+ 100 partners - 120 Currency conversion Reporting In-House Financial Cash accounting Center system GL
In-House Financial Cash accounting Center system GL General-ledger (GL) transfer
In-House
Financial
Cash
accounting
Center
system
GL
General-ledger (GL) transfer
Blocks Turnovers No. Post. date Val. date Curr. Amount1 1 12/30/00 12/31/00 USD 100.00 C
Blocks
Turnovers
No.
Post. date Val. date
Curr. Amount1
1
12/30/00
12/31/00
USD
100.00 C
2
12/31/00
12/31/00
USD
9.58 D

Figure 4: Account Components

Business Partners

Master data for the in-house cash center includes information on the various business partners related to accounts in the center. A business partner can be an affiliated company, an external business partner, another bank, the head office, anoth- er in-house cash center, or an internal organizational entity. When you maintain accounts, you enter key business partner data, including the partner’s name and address and related bank details (such as the account number and sort code). You can map relationships between business partners to suit your particular needs.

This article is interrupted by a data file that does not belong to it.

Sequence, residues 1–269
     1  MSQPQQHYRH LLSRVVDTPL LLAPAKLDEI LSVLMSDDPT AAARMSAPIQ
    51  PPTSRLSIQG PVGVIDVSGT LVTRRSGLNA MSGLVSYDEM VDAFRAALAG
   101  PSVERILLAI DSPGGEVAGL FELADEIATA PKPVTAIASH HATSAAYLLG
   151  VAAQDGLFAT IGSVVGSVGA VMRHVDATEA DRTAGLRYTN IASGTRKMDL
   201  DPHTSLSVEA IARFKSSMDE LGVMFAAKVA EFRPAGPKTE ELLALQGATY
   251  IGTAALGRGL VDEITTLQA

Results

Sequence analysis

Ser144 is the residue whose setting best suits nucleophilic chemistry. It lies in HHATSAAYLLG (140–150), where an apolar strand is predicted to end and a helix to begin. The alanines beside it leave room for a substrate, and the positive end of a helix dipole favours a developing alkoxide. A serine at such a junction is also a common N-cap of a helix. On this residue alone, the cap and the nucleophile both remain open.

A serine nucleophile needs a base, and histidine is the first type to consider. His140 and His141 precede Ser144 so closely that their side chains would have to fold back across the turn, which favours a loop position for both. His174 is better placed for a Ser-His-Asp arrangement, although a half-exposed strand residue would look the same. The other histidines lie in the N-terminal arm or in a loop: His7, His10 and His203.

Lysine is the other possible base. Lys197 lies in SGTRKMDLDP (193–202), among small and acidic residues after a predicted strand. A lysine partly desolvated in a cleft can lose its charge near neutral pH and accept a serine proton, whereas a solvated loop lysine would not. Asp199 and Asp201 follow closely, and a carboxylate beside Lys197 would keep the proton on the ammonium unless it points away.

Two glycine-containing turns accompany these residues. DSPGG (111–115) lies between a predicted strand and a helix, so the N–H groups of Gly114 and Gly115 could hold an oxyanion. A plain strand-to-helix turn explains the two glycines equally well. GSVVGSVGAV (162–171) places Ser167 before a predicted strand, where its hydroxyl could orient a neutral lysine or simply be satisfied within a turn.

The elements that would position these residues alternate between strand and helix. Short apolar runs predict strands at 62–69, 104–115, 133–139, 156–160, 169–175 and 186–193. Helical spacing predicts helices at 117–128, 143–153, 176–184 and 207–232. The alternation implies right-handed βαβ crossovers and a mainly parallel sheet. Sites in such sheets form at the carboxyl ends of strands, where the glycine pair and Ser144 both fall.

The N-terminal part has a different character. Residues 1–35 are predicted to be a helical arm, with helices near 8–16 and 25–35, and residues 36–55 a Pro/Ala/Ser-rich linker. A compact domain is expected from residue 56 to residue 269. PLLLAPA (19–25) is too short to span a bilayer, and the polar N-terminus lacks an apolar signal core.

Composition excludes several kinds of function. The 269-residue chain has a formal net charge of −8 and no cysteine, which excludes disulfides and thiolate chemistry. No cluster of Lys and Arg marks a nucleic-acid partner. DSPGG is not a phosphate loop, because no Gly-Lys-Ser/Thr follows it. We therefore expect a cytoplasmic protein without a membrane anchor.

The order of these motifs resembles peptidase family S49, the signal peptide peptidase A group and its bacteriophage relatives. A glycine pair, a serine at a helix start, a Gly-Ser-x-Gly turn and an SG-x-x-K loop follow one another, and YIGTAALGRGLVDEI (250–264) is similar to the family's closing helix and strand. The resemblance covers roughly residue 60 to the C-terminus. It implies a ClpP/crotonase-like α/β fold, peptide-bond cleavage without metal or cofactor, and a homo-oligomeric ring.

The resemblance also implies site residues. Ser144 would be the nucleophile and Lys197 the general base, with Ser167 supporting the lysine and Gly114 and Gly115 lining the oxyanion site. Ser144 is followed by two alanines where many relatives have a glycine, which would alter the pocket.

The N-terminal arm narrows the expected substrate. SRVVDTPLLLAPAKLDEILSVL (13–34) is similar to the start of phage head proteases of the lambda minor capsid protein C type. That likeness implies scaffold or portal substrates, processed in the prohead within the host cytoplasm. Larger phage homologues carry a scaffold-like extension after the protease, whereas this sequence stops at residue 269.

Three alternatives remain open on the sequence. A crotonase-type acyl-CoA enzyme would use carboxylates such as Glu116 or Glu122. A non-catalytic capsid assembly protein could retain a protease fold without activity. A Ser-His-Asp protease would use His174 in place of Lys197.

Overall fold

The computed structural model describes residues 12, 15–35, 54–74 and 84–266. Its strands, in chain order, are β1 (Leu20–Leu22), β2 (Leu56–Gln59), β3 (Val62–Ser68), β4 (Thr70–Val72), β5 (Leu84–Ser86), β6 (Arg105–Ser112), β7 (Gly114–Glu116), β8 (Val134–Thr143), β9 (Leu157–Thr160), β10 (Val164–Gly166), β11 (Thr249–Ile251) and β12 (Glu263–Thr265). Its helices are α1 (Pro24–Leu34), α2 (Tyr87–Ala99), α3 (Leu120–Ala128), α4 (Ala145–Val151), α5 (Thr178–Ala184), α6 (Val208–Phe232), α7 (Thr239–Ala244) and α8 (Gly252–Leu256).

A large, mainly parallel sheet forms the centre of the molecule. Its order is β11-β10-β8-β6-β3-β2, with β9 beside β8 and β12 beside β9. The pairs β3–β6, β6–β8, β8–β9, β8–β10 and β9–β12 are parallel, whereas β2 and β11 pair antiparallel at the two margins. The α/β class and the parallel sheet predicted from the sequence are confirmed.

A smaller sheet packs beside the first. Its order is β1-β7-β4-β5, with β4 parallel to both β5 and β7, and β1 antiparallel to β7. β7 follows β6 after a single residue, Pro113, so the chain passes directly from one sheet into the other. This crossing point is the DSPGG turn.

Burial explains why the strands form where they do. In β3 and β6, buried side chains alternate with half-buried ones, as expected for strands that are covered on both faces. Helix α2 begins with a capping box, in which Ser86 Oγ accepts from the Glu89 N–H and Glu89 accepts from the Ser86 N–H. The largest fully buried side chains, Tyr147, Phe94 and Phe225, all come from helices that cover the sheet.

Each business partner can have more than one role. The appli- cation recognizes standard roles, such as account holder, authorized drawer, bank statement recipient, contact person, and account maintenance officer. A subsidiary, for example, could have several roles and act as account holder, bank state- ment recipient, and contact person. You can create your own roles if the standard roles do not cover all your requirements. Business partner data is stored centrally, so if a particular busi- ness partner already exists, you can just create the partner in a new role. Instead of entering all the business partner data each time, you merely add any role-specific data that is missing.